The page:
row Afternoon.
H.v tlic Assoi'lnted Press.
WASHINGTON, Sept. 3.—President
Wilson will appear before a joint ses
sion of Congress tomorrow afternoon
at 13:30 o’clock to ask for a war tax
measure to raise $100,000,000 annu
ally. This announcement was made
loday following a visit of Democratic
Leader Underwood to the White
House. In his message the Presi
dent will not advise means of raising
the money.
Japs Land More
Troops in China
CHEEFOO, China, Sept. 3.—Japan
landed 4,500 additional men at Lung
Kow today. Of these forces 500 men
are marines, the others being sol
Lung-Kow is 100 miles north of
Tsing-Tau, in Kiau-chau.
Between 10,000 and 11,000 Japanese
troops had been landed at Lung-Kow
previous to today. The Japanese con
trol the telegraph lines out of Lung
\rchbishop Seton, Formerly
Rector in Jersey City, Sails
from Denmark for New York
COPENHAGEN, via Gondon, Sept. |
3.—Among those who have obtained ;
passage on the steamer Frederica |
VIII. for New York, sailing today,
is Archbishop Seton, of Jersey City.
Archbishop Seton formerly was rec- j
tor of St. Joseph’s Church, Jersey
City. He retired about ten years ago
to live in Rome. Some months ago
he announced his intention to return
to live in Maryland. He comes of
the family after which Seton Hail
College is named.
The American legation has been
obliged to increase its staff owing to
the demands made upon it by anx- (
ious Americans and others desirous
of learning about relatives in Eu
rope- If the rush of stranded and ]
destitute Americans continues there
will not be enough room at the lega
tion to accommodate all those wait
ing for steamers.
I ■' ---1
German Airship
Is Shot Down
By the United I'resi*.
PARIS, Sept. 3.—It was officially
announced today that one of the Ger
man aeroplanes which have been
dropping bombs on Paris was shot
down by the troops near Gompeigne.
Two German officers who were in the
machine are declared to have been
killed when it collapsed and fell from
a great height.
Neutrality of Sweden
Is Again Proclaimed
STOCKHOLM, Sept. 3.—-Sweden to
day again proclaimed her neutrality
in a statement from the foreign office
denying steps were being taken to
enter the war.
* i
Japs Occupy
Seven Islands
lly (he Associated Press.
DON DON, Sept. 3.—A dispatch to
the Renter Telegram Company from
Tokio via Petrograd (St. Petersburg!
says that the Japanese have occupied
seven islands situated near Kiau
Kaiser and Kaiserin Smiled
at Little “Billy” Dunbar
Spei-lHl to the Kvenlnic Star.
NEW YORK, Sept. 3.—Home look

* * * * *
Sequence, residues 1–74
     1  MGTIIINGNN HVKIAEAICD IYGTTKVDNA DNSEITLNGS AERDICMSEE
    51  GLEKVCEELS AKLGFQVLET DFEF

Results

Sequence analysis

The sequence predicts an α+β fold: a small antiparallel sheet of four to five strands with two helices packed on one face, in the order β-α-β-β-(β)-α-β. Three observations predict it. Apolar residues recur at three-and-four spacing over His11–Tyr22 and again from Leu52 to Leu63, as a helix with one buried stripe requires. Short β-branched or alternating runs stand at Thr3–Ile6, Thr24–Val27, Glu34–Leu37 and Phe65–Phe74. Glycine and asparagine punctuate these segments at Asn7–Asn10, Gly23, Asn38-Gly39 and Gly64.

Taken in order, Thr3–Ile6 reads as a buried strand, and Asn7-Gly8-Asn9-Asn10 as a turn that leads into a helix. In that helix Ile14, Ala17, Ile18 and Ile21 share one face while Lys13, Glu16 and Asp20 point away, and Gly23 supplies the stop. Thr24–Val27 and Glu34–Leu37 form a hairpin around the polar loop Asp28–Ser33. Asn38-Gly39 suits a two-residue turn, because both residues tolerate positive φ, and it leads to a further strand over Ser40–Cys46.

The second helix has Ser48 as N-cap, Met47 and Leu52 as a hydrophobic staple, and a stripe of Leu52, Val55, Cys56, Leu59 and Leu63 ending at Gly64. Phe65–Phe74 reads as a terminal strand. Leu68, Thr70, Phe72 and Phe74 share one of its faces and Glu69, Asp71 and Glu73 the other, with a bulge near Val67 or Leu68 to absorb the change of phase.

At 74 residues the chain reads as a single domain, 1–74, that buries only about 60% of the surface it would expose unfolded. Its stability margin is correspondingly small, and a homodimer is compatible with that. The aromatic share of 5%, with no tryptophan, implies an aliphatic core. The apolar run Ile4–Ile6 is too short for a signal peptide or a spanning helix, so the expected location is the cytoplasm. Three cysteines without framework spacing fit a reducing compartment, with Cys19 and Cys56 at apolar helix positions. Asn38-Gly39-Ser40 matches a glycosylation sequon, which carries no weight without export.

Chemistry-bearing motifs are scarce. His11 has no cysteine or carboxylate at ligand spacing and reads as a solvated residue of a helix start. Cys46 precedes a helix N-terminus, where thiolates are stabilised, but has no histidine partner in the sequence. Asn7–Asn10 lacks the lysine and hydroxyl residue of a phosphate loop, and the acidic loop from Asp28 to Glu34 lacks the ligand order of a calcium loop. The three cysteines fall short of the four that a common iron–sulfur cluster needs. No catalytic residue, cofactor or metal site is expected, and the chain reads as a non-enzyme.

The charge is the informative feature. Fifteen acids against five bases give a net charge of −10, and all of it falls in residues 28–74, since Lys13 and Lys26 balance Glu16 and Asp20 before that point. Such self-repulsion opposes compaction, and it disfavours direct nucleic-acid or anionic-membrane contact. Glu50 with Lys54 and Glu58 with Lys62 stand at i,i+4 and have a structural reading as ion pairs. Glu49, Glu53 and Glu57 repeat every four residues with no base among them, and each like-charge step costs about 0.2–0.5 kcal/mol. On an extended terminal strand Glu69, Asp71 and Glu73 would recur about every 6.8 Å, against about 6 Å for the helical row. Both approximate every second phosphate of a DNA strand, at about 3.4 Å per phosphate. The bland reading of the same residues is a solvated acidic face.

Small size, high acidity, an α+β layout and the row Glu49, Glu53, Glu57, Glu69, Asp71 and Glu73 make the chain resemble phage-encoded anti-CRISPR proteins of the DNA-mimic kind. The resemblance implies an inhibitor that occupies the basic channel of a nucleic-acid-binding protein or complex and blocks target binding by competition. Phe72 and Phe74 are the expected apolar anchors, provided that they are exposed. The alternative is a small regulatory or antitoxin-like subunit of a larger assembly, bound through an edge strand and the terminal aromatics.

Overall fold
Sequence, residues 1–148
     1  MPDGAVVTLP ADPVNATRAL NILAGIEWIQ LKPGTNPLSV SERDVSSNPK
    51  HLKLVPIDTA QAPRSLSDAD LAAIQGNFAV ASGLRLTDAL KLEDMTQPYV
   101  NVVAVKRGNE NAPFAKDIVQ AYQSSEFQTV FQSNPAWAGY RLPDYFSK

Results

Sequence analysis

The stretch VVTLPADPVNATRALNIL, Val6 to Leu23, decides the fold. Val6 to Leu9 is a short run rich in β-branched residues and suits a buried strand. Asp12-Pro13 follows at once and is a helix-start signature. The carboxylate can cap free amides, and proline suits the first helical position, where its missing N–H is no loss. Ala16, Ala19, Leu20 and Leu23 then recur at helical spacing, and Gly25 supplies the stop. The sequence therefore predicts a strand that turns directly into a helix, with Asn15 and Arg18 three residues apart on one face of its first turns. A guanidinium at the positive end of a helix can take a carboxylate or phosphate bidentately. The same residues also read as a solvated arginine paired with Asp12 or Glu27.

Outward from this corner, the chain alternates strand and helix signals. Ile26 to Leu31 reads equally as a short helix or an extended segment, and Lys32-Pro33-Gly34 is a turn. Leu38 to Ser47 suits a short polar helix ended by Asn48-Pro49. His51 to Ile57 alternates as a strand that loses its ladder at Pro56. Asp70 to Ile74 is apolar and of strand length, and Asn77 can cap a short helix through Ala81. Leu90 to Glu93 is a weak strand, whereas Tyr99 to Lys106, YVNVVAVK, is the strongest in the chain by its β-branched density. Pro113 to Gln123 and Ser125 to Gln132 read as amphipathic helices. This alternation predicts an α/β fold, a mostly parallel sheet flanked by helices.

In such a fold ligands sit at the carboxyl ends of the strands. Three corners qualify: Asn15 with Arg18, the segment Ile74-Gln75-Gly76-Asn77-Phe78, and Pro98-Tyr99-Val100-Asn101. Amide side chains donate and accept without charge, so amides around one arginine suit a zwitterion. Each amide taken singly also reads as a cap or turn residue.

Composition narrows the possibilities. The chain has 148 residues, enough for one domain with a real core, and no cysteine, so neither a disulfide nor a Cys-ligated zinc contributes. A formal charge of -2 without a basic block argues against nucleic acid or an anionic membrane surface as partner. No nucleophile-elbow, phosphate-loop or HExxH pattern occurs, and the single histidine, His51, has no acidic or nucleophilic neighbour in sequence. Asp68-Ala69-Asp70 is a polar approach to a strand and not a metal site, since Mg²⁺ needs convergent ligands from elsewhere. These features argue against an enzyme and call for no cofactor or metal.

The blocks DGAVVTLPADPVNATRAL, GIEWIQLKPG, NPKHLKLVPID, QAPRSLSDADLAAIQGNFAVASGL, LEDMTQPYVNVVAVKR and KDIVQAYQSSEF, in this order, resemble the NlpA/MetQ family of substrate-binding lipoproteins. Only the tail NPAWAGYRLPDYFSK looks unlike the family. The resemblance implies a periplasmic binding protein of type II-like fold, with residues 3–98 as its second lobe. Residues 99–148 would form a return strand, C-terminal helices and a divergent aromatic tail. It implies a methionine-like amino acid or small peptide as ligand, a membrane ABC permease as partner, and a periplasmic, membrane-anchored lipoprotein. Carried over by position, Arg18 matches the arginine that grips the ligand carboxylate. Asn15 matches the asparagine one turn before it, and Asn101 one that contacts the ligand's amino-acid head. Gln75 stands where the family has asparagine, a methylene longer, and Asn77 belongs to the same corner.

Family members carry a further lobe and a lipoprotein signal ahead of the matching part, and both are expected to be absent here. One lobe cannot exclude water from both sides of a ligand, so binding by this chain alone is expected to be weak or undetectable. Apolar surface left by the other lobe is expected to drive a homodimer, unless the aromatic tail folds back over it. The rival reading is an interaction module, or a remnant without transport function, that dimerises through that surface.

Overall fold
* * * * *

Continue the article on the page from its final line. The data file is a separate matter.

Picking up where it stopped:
ed good to two-year-old "Billy’’ Dun
bar, of Brooklyn, who arrived yester
day from Rotterdam on the steam
ship Ryndatn, but there Is one place
that he wants to get to and that is
Asbury Park where his grandma is.
Reported to Have Been Surren
dered by Governor on
August 29.
By the Associated Press.
LONDON, Sept. 3.—A dispatch re
ceived here from Wellington, N. Z.,
de dares that the governor of New
Zealand has received a message
stating that the German governor of
Samoa has surrendered and that he
has been sent with other German
prisoners to the Kikl Islands.
The landing of British troops in
Samoa was carried out with great
expedition. The Union .lack was
hoisted over German Samoa at 12:30
in the afternoon of August 29.
The Samoan, on Navigator Islands,
in the Pacific ocean, up to the present
time, have been owned jointly by the
United States and Germany, each
country being in possession of two
islands. Upolo and Savaii were the
German holdings.
The British force which took pos
session of this German territory was
sent from New Zealand. The an
nouncement of the British occupancy
whs first made through London Au
gust 30.
The Kikl Islands are a British col
ony about 650 miles southwest of
Star-Spangled Banner Buoy to
Show Where Song Was Written
B.v the Press.
WASHINGTON, Sept. 3.—Tile posi
tion of the old British frigate
Minden in Baltimore harbor, aboard
which Francis Scott Key wrote the
"Star-Spangled Banner,” after the
bombardment of Fort McHenry one
hundred years ago is to be marked
by a buoy.
It will be known as "The Star
Spangled Banner Buoy,” and prob
ably will be placed in position to
morrow by the lighthouse service.
“Barney” Martin Left Estate
of a Little Over $5,000
NEW YORK, Sept. 3.—Bernard F.
Martin, one of the “old guard’ of
Tammany Hall, left only $3U0 in real
estate and $5,000 in personal property
when he died August 10 at Atlantic
Highlands. Mr. Martin also failed to
make a will, and Surrogate Cohalan
was forced to issue letters of admin
istration yesterday to Bernard F.
Martin, a son.
Sanguinary Battle Continues as
Germans Hurl Fresh Troops
Against Allied Defense.
News of Signal Victory Is Momentarily
Expected in Petrograd—Claim Ger
man Army in Prussia Inactive.
By the Associated Press:
WASHINGTON, Sept. 8.—Advices of the withdrawal of the left
wing of the allies toward Paris and the removal of the French capital
to Bordeaux was contained in a private dispatch revived at the French
embassy today from Paris. The cablegram bears yesterday's dtc.
By the United Press:
PARIS, Sept. 3.—Tlie heviest fighting on the French front today
was that in which the French left and the German right are still en
gaged, the Germans throwing their greatest weight on the allied line
that extended, roughly speaking, from Just south of Montididler to